On March 15, photo-sharing service Instagram announced that it will be changing its current display system. Instead of the reverse chronological feed that users have become accustomed to, all Instagram feeds will adopt an order based on a users’ likely interest in each post, relationship to the poster, and the post’s timeliness. It’s important for brands to adapt to the new Instagram algorithm.

According to Instagram, users currently miss roughly 70 percent of their feed in the chronological order. The new algorithm is designed to help Instagram users see more important posts on their feed and see fewer posts that they don’t care about. All of these changes are an attempt to enhance the user experience.

Adapting to the New Instagram Algorithm

Several other social media platforms have already adapted this popularity-driven approach. According to the New York Times, Facebook adopted a new algorithm in 2009 based on popularity, among other things. Twitter followed suit in February 2016, introducing older-yet-popular tweets at the tops of users’ feeds when they log in.

The new Instagram algorithm will be similar to the one used by Facebook, its parent company. The new set-up is an attempt to streamline the sheer amount of content that Instagram’s 400 million regular users are seeing each day. “Instagram plans to rely on its machine -learning technology and a mix of signals to determine the order of photos and videos in users’ feeds,” according to the New York Times.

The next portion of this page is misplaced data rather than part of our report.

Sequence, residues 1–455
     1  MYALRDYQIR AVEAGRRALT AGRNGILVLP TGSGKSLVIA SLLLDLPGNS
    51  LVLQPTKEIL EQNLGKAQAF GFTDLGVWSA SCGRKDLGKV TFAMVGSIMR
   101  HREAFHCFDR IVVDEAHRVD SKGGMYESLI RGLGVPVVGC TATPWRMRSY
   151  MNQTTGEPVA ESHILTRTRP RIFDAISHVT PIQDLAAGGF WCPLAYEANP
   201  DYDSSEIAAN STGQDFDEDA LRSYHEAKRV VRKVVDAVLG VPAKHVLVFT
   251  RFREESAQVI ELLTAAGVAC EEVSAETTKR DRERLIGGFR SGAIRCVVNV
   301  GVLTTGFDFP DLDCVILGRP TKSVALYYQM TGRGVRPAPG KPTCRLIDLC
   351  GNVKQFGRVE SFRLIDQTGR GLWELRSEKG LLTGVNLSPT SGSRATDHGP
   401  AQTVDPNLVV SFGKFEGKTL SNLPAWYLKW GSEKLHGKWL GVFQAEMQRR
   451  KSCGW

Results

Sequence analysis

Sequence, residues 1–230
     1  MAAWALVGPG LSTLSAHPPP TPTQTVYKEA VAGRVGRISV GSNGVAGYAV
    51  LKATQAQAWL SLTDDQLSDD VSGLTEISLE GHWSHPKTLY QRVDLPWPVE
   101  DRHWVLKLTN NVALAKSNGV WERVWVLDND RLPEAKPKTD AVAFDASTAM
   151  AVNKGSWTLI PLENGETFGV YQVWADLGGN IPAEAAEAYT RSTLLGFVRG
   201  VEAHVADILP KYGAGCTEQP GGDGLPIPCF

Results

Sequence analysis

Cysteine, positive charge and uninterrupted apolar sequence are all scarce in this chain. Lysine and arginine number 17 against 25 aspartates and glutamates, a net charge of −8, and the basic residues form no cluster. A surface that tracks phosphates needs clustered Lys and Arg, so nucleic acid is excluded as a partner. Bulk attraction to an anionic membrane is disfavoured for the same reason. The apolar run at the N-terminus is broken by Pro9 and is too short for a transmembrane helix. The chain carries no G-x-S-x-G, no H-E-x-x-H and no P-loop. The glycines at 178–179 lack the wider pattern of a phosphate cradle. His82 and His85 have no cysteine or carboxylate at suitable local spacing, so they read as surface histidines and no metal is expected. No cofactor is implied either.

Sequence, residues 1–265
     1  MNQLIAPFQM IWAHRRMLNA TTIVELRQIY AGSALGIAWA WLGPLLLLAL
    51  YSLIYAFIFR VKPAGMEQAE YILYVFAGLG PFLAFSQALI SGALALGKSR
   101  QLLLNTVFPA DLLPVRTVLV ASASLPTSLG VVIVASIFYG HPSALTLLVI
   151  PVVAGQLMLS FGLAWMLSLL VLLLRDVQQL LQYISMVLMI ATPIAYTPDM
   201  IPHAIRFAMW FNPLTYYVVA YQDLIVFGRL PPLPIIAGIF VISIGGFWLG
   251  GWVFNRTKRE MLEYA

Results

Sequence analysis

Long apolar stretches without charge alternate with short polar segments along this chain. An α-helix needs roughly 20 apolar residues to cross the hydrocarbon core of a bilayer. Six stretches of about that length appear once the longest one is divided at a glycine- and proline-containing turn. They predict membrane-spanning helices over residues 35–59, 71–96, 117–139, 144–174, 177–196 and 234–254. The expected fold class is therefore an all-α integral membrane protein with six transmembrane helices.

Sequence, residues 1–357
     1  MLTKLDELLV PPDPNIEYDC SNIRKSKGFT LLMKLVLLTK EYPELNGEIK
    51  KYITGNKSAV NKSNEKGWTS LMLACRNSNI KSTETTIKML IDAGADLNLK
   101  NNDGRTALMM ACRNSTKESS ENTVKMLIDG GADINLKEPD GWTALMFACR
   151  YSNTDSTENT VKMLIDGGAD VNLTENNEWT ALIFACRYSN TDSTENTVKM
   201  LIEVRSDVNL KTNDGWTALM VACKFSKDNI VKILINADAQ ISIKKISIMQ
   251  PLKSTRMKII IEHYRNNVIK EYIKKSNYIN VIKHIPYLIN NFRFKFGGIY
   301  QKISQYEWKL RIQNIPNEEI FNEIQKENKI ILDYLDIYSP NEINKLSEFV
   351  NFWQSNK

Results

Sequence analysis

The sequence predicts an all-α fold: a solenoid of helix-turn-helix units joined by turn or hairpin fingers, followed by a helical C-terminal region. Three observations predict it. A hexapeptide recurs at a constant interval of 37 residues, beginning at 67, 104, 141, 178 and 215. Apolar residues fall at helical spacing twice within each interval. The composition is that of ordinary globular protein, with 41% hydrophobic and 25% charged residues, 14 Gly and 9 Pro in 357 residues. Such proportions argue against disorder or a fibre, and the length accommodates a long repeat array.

Many people oppose to this upcoming change. Over 210,000 people have signed an online petition on Change.org to “Keep Instagram Chronological.” These users are urging for a community opt-in option, as opposed to a mandated switch, making it clear that not all users are pleased with the change.

However, “It appears likely that the changes will happen, regardless of the opposition,” according to AdWeek.

One main complaint of the opposition is that this new system will cause problems for brands both big and small. While followers may increase, according to AdWeek, because “users can follow more accounts with less consequence,” the organic reach of each account with likely be lower. This means brands, while potentially increasing followers, will have their posts seen by fewer users.

More about New Instagram Algorithm

Instagram has become the most important social media platform in terms of engagement. With interactions outpacing LinkedIn, Pinterest, Twitter and Facebook at a rate of 13 to 1, according to analytics firm TrackMaven. Because of this, brands will need to quickly adapt to the changed format to remain relevant. It engages current users, and discover new users.

To do so, brands will likely have to rely heavily on influencers. These influencers, who already will have a high follower count and a high engagement rate on their personal accounts. They will endorse and promote particular brands, increasing both brand awareness and visibility.

Additionally, brands will likely have to rely more heavily on paid Instagram advertising. It is no surprise that Instagram would implement this strategy to increase monetization across the platform. Because organic reach lessens, brands “will open up new revenue opportunities as brands seek ways to gain greater access to their audience (and new ones),” according to AdWeek.

Only time will tell how the new algorithm will truly effect users and brands. But in the meantime, “Brands would also be smart to figure out what type of content starts conversation,” said Digiday.


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